- The Washington Times - Saturday, April 23, 2005

ANNAPOLIS — If it weren’t for his daily visits from Linda Davis, Donald Barnes, 64, figures he’d end up in a nursing home.

“She fixes me food,” Mr. Barnes said. “She makes sure I take my medicine like I’m supposed to. She makes sure I’m bathed and have clean clothes to put on. If I didn’t have her, I’d just be a lost soul.”

The care Miss Davis provides to Mr. Barnes, who had a stroke two years ago, is invaluable to him, allowing him to live in his own apartment.

The value the state puts on her services is a lot less: about $5 an hour, Miss Davis said.

She is one of about 3,000 personal care providers the state contracts with to help take care of about 5,000 Marylanders with disabilities. The majority have not had a pay increase from the state since 1986. They get no health care benefits, no sick days, no retirement. And the most they get paid in a day is $50.

Gov. Robert L. Ehrlich Jr., a Republican, has offered a 10 percent increase in payments in his budget for next year, but the home-care workers say that isn’t enough.

Miss Davis and several other home-care workers who came to Annapolis recently to press their case for more money said even with the increases proposed by the governor, their income would still fall below the federal poverty level, now $12,830 a year for a family of two.

“I’ve been working 23 years now. I’ve seen the money go up a couple of dollars,” said Theresa Bates-Atugah, who takes care of two clients in Baltimore.

The money she earns, $5 to $6 an hour, is never enough, she said. “I put my bills in the hat and wonder which ones I can pay.”

Personal care assistants are not paid by the hour but receive a daily rate based on the level of services provided — $10 per visit for those requiring the least help, $20 for those needing an intermediate level of care and $50 a day for full-time, live-in care.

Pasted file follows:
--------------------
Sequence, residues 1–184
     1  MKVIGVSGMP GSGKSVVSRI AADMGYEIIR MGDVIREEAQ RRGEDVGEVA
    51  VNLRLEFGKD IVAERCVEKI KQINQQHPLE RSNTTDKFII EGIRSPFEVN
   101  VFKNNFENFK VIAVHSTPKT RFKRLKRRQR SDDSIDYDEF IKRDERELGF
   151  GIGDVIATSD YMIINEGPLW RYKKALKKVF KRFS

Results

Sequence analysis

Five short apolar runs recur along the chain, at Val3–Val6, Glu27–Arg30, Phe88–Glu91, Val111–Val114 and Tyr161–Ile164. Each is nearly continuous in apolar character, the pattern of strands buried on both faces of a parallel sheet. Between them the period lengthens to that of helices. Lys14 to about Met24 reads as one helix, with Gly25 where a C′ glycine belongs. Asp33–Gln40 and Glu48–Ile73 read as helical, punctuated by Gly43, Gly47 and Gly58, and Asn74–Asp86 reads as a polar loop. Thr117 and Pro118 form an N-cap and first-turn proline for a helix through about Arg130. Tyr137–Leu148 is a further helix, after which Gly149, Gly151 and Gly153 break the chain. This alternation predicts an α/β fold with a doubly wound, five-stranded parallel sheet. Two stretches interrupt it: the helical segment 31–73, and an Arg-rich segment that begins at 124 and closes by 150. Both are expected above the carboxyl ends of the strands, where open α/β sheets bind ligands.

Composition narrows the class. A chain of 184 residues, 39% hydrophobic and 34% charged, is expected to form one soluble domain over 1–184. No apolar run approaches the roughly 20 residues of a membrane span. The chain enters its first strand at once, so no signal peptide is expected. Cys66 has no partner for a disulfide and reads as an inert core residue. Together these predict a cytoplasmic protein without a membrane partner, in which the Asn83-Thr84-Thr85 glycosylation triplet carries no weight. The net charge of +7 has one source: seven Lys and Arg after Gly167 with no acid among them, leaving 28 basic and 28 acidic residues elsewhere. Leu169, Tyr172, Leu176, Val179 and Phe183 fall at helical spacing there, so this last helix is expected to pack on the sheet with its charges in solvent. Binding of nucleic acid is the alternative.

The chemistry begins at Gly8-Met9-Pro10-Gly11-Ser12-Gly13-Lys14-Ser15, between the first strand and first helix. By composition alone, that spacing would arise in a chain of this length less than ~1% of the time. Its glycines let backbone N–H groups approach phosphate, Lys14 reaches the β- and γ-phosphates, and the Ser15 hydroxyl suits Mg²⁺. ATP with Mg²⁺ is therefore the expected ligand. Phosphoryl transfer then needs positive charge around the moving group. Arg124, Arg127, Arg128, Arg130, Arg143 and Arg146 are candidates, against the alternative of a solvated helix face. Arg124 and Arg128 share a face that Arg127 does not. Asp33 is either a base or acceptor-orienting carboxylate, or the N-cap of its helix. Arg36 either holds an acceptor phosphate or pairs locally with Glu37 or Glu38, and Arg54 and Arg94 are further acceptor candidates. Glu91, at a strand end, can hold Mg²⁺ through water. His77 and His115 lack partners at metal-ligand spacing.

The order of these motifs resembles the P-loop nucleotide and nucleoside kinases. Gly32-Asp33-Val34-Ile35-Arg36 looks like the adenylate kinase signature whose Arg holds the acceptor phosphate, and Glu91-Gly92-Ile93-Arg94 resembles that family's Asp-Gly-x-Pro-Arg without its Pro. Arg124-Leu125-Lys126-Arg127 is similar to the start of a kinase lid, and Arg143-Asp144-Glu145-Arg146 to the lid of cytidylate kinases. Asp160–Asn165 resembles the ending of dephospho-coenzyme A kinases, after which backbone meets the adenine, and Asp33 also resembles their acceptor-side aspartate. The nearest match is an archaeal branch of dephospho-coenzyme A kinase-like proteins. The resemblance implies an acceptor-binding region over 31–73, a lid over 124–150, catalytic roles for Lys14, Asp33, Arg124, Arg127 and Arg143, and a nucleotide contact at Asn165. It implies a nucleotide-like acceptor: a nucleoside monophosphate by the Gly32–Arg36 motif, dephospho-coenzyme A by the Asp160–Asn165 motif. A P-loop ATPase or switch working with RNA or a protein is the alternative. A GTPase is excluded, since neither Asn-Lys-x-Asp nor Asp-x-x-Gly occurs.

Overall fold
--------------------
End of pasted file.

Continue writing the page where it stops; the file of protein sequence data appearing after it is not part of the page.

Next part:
Except for live-in workers, most visit their clients five days a week.

The state estimates about an hour is needed for the lower level of care (Level 1) and two hours for intermediate care (Level 2). But services can include shopping and taking clients to see doctors, and several aides said it takes about twice the amount of time estimated by the state, including travel between clients, to take care of their needs.

Two unions — the Service Employees International Union and the American Federation of State, County and Municipal Employees — are trying to organize personal care assistants and are waging lobbying campaigns to get more money for them.

Mark Leeds, who oversees the program for the state Department of Health and Mental Hygiene, said that when the state began paying for home-care in 1981, it was intended as a stipend — a little money to repay neighbors, friends and relatives who helped disabled people on a voluntary basis. Now, most workers in the Medical Assistance Personal Care Program contract with local health agencies to serve two or three clients, and the money they receive from the state is their primary source of income.

Mr. Ehrlich’s budget includes about $2 million to increase the $10 rate to $11 and the $20 rate to $22. In addition, he is proposing a new rate of pay of $30 for about 5 percent of Level 2 clients with the greatest needs, Mr. Leeds said.

“We certainly recognize the value of the services these individuals perform,” Mr. Leeds said. “We understand that the payment has been inadequate.”

One bill awaiting action in a House committee would increase payments by $4 per client instead of the raises proposed by Mr. Ehrlich. With less than two weeks left in the 2005 legislative session, personal care assistants will probably have to settle for the pay increase offered by the governor, but they say they will be back next year if necessary.

When Audra White got involved a year and a half ago in a union-led campaign for higher pay, she said state officials and legislators knew little about what she and her colleagues do and how much they get paid. “They know now because we won’t stop,” she said.

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